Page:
Most of the time I try to avoid reinventing the wheel. And most of the time I fail and forced to do so. That’s what happened to me when I decided to write my own textual modeling framework. I’ve used (and currently using) Xtext in several projects and tried EMFText once. Both of them are great projects with great possibilities, but I’ve come across a problem which required a different approach. I needed a more dynamic toolkit, where the language is extensible and easier to maintain.
Xtext is a true leviathan when it comes to its features, it works out-of-box with a few clicks and gives a really feature-rich and customizable editor for your DSL. However, if you want something lightweight, it quickly becomes a dependency hell. Even if you don’t use Xbase you can’t leave out JDT from your project. It’s also a pain in the ass to configure a headless parser. And the top on this, newer versions of Xtext is often not compatible with generated code created by older Xtext and vice-versa. One of the main motivations of EMFText is to address these problems. The generated code of EMFText is truly standalone, it only depends on a common Antlr plugin.
But both technologies come with a bunch of generated code to keep up-to-date and maintain. Of course, the generated code can be removed from the version control, the generation itself can be moved into a build script to run on CI, but there are some generated first-time then extended by hand parts (e.g. scoping in Xtext). So I thought do we really need all this code generation? Couldn’t a grammar model be used as it is to parse a text? I gave it a shot and found out it’s possible.
To eliminate code generation, I had to drop Antlr and any other parser generator toolkits. The parser algorithm shall be independent from the used grammar model, so I decided to use an Earley parser. Obviously the downside of the approach is performance, but that’s the point: trading speed for flexibility.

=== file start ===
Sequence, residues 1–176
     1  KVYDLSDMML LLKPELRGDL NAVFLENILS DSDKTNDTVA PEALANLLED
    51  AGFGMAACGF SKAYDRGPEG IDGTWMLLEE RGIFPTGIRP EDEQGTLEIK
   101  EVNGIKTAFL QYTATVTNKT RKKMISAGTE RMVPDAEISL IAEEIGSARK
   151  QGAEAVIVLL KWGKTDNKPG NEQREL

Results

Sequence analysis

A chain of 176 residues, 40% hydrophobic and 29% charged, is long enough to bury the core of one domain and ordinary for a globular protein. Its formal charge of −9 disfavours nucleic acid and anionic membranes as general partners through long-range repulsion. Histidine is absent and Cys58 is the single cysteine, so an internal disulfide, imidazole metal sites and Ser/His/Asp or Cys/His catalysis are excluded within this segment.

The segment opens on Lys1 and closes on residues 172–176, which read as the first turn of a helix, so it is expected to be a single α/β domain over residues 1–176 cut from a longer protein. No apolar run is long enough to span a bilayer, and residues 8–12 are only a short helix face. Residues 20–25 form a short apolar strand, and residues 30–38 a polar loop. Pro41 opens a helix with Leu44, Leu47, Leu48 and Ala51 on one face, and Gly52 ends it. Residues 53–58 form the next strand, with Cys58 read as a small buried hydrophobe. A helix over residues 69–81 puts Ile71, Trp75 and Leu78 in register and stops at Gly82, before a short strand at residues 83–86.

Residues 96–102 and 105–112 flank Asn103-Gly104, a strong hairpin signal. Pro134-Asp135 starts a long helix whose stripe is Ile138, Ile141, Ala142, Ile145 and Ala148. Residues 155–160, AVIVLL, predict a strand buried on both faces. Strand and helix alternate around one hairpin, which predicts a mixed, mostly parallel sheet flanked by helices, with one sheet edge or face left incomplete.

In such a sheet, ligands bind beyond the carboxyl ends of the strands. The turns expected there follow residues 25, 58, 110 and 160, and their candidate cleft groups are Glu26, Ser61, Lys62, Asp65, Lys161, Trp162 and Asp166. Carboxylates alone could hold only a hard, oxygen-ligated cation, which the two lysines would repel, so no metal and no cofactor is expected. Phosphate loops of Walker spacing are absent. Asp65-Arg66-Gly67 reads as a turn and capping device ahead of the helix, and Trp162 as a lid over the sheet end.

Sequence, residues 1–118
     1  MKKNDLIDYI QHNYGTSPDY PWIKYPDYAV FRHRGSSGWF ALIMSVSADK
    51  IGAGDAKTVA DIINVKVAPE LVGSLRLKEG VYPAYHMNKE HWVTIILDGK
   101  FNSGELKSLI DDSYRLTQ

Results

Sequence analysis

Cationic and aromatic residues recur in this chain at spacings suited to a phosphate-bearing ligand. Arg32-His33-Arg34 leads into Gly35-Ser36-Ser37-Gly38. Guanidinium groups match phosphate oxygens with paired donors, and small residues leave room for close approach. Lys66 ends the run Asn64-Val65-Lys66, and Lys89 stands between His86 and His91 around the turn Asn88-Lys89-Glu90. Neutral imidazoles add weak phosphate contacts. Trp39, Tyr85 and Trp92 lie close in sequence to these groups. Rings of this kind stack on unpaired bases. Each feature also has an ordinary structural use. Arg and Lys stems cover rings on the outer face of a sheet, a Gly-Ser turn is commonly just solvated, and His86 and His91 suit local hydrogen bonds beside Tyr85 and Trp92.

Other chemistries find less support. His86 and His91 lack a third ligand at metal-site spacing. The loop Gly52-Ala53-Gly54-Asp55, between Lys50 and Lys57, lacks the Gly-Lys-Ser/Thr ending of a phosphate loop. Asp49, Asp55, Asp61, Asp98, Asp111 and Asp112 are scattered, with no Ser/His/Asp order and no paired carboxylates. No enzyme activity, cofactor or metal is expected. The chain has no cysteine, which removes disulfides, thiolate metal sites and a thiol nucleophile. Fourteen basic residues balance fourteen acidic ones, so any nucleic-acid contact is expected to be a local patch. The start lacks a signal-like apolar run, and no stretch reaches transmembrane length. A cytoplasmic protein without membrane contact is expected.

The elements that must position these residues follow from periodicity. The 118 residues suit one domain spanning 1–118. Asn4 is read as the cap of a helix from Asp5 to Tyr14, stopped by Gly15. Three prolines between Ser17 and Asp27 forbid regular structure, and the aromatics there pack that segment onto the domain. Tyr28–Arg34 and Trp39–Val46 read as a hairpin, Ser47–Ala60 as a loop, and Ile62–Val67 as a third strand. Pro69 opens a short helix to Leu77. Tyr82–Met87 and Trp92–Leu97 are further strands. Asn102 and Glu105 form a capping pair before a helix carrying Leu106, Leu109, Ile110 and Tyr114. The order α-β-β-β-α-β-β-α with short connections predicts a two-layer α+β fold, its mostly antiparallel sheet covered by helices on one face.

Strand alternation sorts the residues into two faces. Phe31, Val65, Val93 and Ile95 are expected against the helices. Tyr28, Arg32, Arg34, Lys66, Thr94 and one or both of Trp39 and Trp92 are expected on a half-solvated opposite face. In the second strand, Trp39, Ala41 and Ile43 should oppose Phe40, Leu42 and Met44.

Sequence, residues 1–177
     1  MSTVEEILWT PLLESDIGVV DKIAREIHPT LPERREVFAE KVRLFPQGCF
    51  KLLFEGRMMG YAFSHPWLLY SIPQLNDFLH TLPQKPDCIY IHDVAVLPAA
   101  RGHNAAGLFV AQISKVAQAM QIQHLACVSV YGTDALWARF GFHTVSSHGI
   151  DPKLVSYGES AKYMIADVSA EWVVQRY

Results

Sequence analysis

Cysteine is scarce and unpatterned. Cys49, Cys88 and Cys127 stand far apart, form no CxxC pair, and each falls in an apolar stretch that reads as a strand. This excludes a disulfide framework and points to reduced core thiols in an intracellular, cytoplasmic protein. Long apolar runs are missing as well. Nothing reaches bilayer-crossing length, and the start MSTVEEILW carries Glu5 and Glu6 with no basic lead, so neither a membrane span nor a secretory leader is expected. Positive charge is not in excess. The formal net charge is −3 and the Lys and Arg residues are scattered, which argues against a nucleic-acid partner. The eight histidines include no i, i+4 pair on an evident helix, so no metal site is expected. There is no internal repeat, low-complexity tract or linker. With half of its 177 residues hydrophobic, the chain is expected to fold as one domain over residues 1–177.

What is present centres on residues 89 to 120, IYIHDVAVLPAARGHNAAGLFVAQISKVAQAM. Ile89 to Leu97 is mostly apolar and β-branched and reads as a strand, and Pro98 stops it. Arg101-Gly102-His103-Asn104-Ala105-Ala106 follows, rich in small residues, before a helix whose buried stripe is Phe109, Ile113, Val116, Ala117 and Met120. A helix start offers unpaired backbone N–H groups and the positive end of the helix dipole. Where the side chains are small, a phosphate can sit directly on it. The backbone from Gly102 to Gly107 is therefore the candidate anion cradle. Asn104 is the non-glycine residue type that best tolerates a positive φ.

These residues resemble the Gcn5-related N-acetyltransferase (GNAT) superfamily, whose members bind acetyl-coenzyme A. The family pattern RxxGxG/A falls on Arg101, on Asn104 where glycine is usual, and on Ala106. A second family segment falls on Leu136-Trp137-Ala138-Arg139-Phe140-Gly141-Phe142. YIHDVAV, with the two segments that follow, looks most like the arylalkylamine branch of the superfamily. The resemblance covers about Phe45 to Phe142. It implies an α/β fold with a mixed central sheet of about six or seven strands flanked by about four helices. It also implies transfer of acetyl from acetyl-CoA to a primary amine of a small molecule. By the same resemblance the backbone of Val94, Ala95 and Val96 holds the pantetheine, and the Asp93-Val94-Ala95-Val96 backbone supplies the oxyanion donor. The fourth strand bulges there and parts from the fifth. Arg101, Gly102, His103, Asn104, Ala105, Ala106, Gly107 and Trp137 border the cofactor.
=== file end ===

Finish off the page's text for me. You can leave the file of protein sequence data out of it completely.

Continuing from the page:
A simple example
For a quick show of the features, I’ve created a simple example grammar. First, as expected from every textual modeling toolkit, there is a grammar definition for the grammar model itself, which makes it possible to edit the grammar in a convenient syntax highlighting editor:
To make the upper grammar work, a few hand-written parts are necessary:
- A resource factory implementation, to register the file type
- A resource implementation based on AbstractTextualResource, which connects grammar to the resource type and delegates feature resolving to java code.
- Extensions to register the grammar file, the resource factory and the editor
If everything goes as expected, you can try your new language with a convenient syntax highlighting editor:
The parsed model and the abstract syntax tree (for debugging the grammar) is shown in the outline view of the editor. The view gets the icon and label decorations of the elements from the generated EMF adapter factories:
Textualmodeler on GitHub: https://github.com/balazsgrill/textualmodeler/